Shrine honors Catholic nuns

Last modified: 9/10/2013 9:37:37 AM
NEW IPSWICH — When he was a child, Nicholas Brouillette spent a lot of time at the Our Lady of Hope House of Prayer in New Ipswich. He went there for home-school activities, and grew up with the handful of Catholic nuns that run the prayer house. So when Brouillette, a Boy Scout with Troop 122 in Greenville, sat down to come up with a Eagle Scout project, he decided to dedicate his efforts to giving the House of Prayer a gift: a shrine to the Virgin Mary.

Eagle is the highest attainable rank in the Boy Scouts of America. In addition to gathering at least 21 merit badges, the scout must also design and manage an extensive service project to qualify. Brouillette, 18, of Greenville initially had more than one idea for his project, he said in an interview at the shrine’s dedication ceremony on Saturday. He first thought to enclose a porch at the House of Prayer, but ultimately determined that project wouldn’t be feasible. Then he hit on the idea of building a Marian Shrine, which are traditionally used to mark a site of devotion, or a site of an apparition or miracle ascribed to the Virgin Mary.

“I really wanted to do something for the sisters,” Brouillette said. “[Our Lady of Hope House of Prayer] has been there my whole life, and the sisters have been part of my life since I was young.”

On Saturday shortly before a Boy Scout Honor Court, a small crowd gathered in the backyard grotto at Our Lady of Hope House of Prayer, where the wood-and-stone shrine has been built in dedication to all of the sisters who have served there. Originally, Brouillette had planned to build the shrine solely from stone, but it turned out to be prohibitively difficult, he said. So partway through construction, Brouillette changed his plans. The shrine still sits on a stone base built by Brouillette and his troop, but the walls are made of wooden latticework holding up a wooden roof. Made of concrete, Mary — donated by Mr. and Mrs. Leighford Rines of New Ipswich — sits nestled inside.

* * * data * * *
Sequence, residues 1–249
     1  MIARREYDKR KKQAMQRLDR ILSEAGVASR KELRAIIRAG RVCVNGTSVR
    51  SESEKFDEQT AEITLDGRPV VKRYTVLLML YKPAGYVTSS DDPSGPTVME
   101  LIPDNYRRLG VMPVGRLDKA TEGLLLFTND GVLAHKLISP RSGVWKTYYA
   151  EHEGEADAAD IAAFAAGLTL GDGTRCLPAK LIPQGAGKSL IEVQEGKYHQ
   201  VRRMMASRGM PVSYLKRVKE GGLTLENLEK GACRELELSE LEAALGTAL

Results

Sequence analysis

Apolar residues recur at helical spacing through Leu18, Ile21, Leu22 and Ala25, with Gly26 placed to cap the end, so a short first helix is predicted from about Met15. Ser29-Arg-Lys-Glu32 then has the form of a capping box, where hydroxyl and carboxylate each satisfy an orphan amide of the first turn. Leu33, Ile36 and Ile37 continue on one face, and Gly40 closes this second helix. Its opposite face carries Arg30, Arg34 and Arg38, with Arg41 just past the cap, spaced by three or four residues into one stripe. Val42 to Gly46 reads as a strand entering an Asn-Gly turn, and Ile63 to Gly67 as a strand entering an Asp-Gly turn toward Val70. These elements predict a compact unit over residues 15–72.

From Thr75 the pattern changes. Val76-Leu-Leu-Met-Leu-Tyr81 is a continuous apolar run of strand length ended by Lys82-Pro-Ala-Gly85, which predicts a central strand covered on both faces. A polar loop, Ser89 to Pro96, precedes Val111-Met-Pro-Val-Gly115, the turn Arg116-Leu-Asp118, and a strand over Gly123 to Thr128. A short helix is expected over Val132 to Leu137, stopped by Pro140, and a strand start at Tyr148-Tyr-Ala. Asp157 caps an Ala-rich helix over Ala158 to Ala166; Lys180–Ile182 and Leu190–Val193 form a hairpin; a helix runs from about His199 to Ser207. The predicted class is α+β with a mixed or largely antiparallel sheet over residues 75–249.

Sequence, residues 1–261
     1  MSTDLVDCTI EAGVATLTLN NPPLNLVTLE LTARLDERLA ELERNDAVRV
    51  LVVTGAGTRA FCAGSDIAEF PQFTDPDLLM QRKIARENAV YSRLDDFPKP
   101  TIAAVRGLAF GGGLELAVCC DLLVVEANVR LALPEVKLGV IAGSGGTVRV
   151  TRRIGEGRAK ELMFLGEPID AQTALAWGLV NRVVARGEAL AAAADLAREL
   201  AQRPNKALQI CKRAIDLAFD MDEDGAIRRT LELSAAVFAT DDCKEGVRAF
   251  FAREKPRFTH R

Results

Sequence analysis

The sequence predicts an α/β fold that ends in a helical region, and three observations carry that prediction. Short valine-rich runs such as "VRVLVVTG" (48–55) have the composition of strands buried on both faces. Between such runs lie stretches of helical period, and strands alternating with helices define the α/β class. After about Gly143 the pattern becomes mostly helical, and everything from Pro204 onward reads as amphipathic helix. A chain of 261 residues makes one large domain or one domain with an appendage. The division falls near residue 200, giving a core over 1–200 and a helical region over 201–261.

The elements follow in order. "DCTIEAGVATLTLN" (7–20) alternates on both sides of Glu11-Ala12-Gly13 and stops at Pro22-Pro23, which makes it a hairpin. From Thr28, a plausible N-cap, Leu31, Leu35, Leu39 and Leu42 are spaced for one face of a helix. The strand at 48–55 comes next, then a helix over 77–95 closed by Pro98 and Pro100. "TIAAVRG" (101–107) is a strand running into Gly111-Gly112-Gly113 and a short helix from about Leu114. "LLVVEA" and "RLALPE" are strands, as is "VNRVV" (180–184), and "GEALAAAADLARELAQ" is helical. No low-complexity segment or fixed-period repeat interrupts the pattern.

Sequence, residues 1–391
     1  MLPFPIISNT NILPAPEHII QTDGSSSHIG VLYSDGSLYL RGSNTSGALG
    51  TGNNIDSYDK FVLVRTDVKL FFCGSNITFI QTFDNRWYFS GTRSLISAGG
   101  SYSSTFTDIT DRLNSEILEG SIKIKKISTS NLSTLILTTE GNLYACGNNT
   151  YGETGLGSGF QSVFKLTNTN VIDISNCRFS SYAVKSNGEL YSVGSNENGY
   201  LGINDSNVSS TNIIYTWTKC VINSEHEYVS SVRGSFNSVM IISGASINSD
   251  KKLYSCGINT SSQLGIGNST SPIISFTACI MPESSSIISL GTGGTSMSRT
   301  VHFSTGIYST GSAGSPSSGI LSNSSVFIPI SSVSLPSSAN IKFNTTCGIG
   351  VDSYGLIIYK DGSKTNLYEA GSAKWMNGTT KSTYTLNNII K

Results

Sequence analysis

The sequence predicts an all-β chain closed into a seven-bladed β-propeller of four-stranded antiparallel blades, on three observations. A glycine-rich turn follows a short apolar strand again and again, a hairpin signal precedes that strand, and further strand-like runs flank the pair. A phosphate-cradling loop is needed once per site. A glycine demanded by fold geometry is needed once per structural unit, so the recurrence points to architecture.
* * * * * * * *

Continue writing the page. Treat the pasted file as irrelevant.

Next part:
“I think it turned out for the best,” said Brouillette of his renovated design, “because I think it looks beautiful as it is now.”

The Rev. Theodore Laperle of Fitchburg, Mass., dedicated and blessed the shrine in a dedication ceremony. Laperle pointed out that a Boy Scout promises in his oath to do his duty to God, and swears to be reverent, among other virtues. With his contribution to the House of Prayer, Brouillette fulfilled those promises, said Laperle.

Later that evening, a Boy Scout Honor Court reviewed the project and then awarded him the rank of Eagle Scout. It was an overwhelming experience to receive the honor after serving in the scouts for almost eight years, Brouillette said in a phone interview Saturday night. “It’s kind of overwhelming,” he said. “It’s just come so fast. I think scouting is a great program, and it’s really helped to shape me and who I am today.”

Ashley Saari can be reached at 924-7172 ext. 244 or She’s on Twitter at @AshleySaari.


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